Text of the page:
No. No, no, no. This won't do; this won't fit, this old, foot-stinking shoe; this is worse than measles, shingles, a dose of the flu. What I'm trying to say here is that the latest series of The Bachelorette is already an unwatchable mess.
Last year's series was merely a watchable mess. I reviewed every single episode as a service to the community. Yes, the Pulitzer awaits. The PTSD has come and gone, but it flared up again as the first episode dragged itself across the screen like a dirty mop across a floor.
To look at it was an agony. There was that soulless mansion in the middle of nowhere. There was host Art Green, so wooden that he could be mistaken for one of the mansion's weatherboard planks. To listen to it was to eavesdrop on the cheerful and witless mating calls of the New Zealand drongo.
Wait, this sounds like last year's series. It isn't. There was a freshness to The Bachelorette 2020, an air of mystery and suspense as a retinue of drongos competed for the fair hand of Hottie Lesina and her co-bachelorette, Hottie Lily. It was sweet, it was sad. It had villains (and in Lesina, a villainess), it travelled to Buenos Aries. But The Bachelorette 2021 is stuck, like the rest of us, in good old New Zealand, and the contestants are coated with that special kind of oil or tar which is commonly found at the bottom of barrels.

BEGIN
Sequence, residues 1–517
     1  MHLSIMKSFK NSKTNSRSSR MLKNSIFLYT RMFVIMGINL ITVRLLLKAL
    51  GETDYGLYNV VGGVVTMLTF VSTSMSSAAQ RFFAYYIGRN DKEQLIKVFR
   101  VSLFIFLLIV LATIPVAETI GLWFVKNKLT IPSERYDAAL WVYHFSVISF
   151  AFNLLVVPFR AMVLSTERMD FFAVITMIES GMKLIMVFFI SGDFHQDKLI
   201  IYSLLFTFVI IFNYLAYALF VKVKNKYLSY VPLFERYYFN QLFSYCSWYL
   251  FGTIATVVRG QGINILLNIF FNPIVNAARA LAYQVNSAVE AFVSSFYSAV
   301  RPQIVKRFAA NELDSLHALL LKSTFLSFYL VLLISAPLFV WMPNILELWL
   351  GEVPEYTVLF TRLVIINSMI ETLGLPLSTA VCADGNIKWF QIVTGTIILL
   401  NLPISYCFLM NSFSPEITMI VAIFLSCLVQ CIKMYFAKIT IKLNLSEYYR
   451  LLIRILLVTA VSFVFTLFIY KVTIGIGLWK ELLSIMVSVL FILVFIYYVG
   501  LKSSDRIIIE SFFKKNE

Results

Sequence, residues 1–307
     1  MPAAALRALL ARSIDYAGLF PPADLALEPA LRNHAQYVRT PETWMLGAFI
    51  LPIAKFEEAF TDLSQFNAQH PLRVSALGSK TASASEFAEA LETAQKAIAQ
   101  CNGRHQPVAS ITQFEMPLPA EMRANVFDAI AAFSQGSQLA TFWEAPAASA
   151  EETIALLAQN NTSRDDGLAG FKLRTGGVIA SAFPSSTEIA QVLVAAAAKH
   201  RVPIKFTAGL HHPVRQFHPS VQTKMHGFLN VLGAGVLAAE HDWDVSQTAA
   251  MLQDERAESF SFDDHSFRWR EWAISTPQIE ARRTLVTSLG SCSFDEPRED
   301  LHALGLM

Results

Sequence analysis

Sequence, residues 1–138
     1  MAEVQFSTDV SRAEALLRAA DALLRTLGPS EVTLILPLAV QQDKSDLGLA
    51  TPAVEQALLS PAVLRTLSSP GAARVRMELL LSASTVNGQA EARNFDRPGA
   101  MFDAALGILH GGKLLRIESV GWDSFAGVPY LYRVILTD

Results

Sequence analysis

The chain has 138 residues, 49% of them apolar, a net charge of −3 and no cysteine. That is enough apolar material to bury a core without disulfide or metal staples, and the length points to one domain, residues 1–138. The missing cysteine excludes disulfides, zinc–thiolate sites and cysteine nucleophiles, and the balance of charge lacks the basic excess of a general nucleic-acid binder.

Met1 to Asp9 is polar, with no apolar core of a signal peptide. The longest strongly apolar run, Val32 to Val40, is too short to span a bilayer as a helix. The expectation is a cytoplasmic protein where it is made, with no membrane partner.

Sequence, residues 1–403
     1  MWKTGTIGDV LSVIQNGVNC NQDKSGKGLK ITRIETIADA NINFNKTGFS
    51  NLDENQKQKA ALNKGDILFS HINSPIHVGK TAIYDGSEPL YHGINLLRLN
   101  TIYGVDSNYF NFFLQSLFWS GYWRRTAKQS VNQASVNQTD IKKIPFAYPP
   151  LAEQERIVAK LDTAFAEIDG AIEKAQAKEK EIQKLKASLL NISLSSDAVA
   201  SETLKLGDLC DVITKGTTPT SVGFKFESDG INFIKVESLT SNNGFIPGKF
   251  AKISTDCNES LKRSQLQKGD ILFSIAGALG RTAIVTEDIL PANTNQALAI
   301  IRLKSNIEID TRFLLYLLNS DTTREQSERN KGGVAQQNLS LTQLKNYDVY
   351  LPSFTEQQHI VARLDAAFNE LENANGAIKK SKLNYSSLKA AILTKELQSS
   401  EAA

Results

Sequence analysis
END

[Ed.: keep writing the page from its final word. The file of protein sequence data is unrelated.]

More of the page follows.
So far there's just the one bachelorette. Lexie Brown is a brand and marketing manager. Oh well. "I'm such a people person?", she says, her inflection not so much rising as soaring.
There were 18 drongos at the start of the show and 14 by the end. I didn't catch their names but they sounded like Mack, Jack, Josh, Gosh, and Django. They brought gifts, all destined for the great storeroom of useless presents accumulated over the years on The Bachelor and Bachelorette franchises. One of them presented Lexie with a red balloon. He got kicked off the show; he might have made more of an impression if he'd tied the balloon to the rings pierced in his nose.
"I'm looking for the Michelle to my Barack," one of the drongos told Lexie. He got kicked off, too. Was she a Melania looking for her Donald?
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There were Dad jokes (Art Green), Mum jokes (the show's narrator, Jodie Rimmer) and lots and lots of Bro jokes from the contestants. "How are you, bro," they asked of each other, and they replied, "All good, bro." But they're not all good. They're dreadful.
And yet it was sad when four of them got the chop. The Bachelorette is set up as a search for love but really it operates as a study of rejection. "No," it says, to drongo after drongo. "No, no, no." It kind of makes it worth watching, possibly.